Your personal brand will help you improve your reputation, build relationships, share your values and grow your business. However, personal branding can also work against you if you aren’t careful. As Warren Buffet famously said, “It takes 20 years to build a reputation and five minutes to ruin it.”
Over the past year, doing the hard work of building my person brand has taught me to contend with many problems and many haters. I've learned a few very hard lessons along the way. Here are 10 ways that you can hurt and potentially destroy your personal brand .
1. You’re not authentic.
Authenticity, as defined by James T. Noble on KISSMetrics, “means staying true to who you are, what you do and who you serve.” Authenticity is important for branding because it makes you relatable and trustworthy, separates you from competitors, defines your identity and informs people about the services you offer.
If you want to work on your authenticity, starting with:
Be yourself by sharing your passions, values and purpose of your branding.
Be consistent with your messages and content.
Be accountable when you makes mistakes.
Back up what you say.
2. Sharing the wrong content.
Content is an excellent way to build your brand by increasing your authority and engagement. But, there’s a balancing act that needs to be considered when developing a content strategy. For example, you simply can’t over-promote your accomplishments and skills, but you also don’t want to under-promote your brand. At the same time, you also want to share the content created by others.
I know. That sounds confusing. That’s why you should follow the 80/20 Rule when sharing and curating content. This simple rule states that the content that you share should only include 20 percent about your brand and 80 percent of interesting content.
Whether it’s responding to an email, direct message on Twitter or a review on Yelp, it’s imperative that you respond to each and every individual who has reached out to you. It only takes a couple of minutes, but it will develop long-lasting relationships with influencers and clients.
4. Attempting to be everything.
If you’ve worked on your authenticity, then this shouldn't be that much of stretch to accomplish. If you’re still working on defining your voice, then keep this piece of advice in mind -- don’t try to be everything at once. If you’re witty, like a brand like Old Spice or Dollar Shave Club, then your messages and content should reflect that. If you’re witty one day and serious the next, you’ll make your brand confusing to others.
5. Posting before you consider consequences.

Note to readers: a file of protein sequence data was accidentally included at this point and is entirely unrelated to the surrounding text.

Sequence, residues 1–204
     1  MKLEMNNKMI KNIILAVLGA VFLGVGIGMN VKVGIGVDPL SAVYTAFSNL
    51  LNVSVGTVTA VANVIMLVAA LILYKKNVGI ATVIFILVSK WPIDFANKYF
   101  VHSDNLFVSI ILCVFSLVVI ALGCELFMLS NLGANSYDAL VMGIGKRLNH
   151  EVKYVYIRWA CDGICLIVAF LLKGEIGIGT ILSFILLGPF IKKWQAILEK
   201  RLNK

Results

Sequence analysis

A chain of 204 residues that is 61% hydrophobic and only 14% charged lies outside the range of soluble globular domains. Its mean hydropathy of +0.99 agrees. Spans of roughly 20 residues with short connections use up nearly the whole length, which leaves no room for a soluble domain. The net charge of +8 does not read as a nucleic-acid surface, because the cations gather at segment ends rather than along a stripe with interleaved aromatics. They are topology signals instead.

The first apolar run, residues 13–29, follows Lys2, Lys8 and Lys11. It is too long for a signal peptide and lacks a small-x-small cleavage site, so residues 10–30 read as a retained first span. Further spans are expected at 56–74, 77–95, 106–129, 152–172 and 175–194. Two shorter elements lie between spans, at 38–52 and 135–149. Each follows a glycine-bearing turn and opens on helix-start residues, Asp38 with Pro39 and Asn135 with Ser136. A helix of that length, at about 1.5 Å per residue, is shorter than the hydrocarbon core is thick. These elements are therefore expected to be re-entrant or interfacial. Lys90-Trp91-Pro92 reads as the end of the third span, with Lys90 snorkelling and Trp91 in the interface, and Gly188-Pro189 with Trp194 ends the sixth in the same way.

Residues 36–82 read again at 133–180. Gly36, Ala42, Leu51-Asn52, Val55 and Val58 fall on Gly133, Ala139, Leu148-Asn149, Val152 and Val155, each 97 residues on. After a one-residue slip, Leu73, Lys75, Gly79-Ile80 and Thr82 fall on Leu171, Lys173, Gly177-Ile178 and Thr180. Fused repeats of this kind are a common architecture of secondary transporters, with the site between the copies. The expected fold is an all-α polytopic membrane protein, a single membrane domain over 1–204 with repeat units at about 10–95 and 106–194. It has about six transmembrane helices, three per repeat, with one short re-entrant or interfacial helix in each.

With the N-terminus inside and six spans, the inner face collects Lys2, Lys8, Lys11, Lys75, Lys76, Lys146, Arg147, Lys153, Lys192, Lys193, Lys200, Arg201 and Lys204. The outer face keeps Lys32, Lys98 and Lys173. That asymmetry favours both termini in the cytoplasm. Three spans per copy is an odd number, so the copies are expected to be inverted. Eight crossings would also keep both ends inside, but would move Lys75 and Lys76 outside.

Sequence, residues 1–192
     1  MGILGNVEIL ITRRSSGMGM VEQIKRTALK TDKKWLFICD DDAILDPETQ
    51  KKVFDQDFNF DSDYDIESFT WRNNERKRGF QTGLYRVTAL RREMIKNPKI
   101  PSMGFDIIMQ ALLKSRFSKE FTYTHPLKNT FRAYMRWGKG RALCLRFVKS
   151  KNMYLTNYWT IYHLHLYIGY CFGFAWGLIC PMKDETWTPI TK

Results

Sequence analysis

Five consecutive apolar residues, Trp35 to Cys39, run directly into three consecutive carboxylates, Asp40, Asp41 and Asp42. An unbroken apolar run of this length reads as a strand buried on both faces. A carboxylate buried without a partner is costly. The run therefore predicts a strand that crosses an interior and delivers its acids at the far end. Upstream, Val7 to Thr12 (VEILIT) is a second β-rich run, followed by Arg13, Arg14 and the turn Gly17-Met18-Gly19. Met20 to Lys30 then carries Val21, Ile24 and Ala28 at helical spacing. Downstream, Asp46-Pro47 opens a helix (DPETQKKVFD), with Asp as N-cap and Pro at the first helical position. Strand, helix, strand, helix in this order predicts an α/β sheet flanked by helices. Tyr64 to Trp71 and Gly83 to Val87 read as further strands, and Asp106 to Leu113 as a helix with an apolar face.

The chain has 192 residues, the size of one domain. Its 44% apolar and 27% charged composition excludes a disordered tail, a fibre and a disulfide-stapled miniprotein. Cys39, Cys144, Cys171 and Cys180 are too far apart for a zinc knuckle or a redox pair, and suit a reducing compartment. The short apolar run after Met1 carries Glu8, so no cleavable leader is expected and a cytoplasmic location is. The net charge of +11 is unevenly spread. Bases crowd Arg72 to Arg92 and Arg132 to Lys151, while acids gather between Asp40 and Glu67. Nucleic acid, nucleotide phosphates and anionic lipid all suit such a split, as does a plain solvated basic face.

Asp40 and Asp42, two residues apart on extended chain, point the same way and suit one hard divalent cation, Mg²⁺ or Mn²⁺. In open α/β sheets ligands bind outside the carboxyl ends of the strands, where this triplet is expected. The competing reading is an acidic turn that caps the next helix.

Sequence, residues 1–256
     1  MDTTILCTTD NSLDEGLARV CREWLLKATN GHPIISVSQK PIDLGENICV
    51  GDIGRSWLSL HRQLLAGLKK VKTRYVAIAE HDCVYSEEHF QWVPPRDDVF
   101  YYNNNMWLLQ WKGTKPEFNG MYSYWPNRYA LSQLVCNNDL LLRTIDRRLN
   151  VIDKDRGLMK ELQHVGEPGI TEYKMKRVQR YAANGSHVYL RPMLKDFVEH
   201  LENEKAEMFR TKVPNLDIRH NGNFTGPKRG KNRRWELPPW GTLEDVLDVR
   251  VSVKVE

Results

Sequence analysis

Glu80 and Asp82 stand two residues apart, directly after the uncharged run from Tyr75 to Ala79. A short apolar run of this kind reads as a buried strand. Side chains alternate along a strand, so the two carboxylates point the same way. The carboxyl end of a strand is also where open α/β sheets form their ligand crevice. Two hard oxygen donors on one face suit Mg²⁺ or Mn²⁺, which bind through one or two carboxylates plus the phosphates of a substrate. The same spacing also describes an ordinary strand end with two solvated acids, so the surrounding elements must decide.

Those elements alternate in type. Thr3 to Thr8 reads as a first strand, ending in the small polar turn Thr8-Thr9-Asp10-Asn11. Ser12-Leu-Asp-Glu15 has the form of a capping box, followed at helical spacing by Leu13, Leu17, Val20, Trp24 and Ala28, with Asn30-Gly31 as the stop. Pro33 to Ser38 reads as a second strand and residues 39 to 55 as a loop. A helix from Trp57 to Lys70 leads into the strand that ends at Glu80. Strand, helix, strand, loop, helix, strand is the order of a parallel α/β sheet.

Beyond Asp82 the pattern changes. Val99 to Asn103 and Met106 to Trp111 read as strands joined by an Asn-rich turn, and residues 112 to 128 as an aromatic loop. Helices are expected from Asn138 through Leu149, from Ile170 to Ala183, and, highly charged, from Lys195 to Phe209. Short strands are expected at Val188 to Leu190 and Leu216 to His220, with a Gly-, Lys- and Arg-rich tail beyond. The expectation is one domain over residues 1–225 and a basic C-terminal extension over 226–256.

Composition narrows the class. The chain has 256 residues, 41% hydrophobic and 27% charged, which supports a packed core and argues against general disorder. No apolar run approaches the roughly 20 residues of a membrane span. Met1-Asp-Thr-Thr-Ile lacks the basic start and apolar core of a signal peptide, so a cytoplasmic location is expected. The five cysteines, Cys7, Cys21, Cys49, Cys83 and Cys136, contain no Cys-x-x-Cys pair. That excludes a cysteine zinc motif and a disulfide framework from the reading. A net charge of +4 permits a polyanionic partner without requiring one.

The Starbucks barista got your order wrong and you’re ticked. You had one too many drinks and started sharing photos on social media. A client just informed you that your services are no longer needed and you want the world to know that they’re a terrible person. It’s easy to get carried away with emotion but, as a professional, you have to take a deep breath, step away and think before you act. Sharing unprofessional social media updates and images is a fast way to tarnish your brand.
Case in point, Rakesh Agrawal. He was a PayPal executive who insulted some of his colleagues on Twitter. Naturally, he was removed after the incident.
Do you need to check-in at every location? Do your contacts need to every word uttered by your child? No. While it’s one thing to share important, your child’s first step or checking into Wrigley Field while on vacation, sharing too much information can be harmful to your brand for a couple of reasons. For starters, it’s not always professional seeing your gallivant around town when you should be working. And, to be brutally honest, the world doesn’t care about every single moment of your life. Bombarding their accounts with too much information is a guaranteed way to turn people off.
7. Using stock photography.
The importance of being authentic extends to the images you use on your business cards, website and other marketing materials. Instead of using stock photography, create your own visual content. This will humanize your brand and help you connect with your audience, as opposed to use generic and cheap-looking images that do not represent you and your brand. I like the new Adobe Post app or Canva to do this.
8. Your website is poorly designed (or you don’t have one).
While social media channels like Facebook, Twitter and LinkedIn should be used to build your brand, they don’t clearly communicate your message and showcase your work as well as a website does. Websites are easily affordable to purchase and host. It doesn’t have to be flashy, but it should be clean, responsive and contain information like your bio and samples of your work.
9. Your profiles are stagnant.
You don’t have to update your blog daily or send out multiple tweets throughout the day, but you also can’t leave your blog or social media unattended for a long time. If you don’t make your presence known, someone else will step-in and take away any momentum that you’ve had going for you. At the minimum, you should be doing a weekly check-in so that you aren’t forgotten.
10. Not measuring your efforts.
Finally, you want to make sure that your branding efforts are gaining results. What’s the point of writing blog posts and updating your social media channels if your audience isn’t reading or sharing this content? Pay attention to the metrics that will validate your goals that you’ve set. Google Analytics is good for identifying information like how many visitors have come to your site, and even the demographics of your audience, so that you can create content that they’ll share.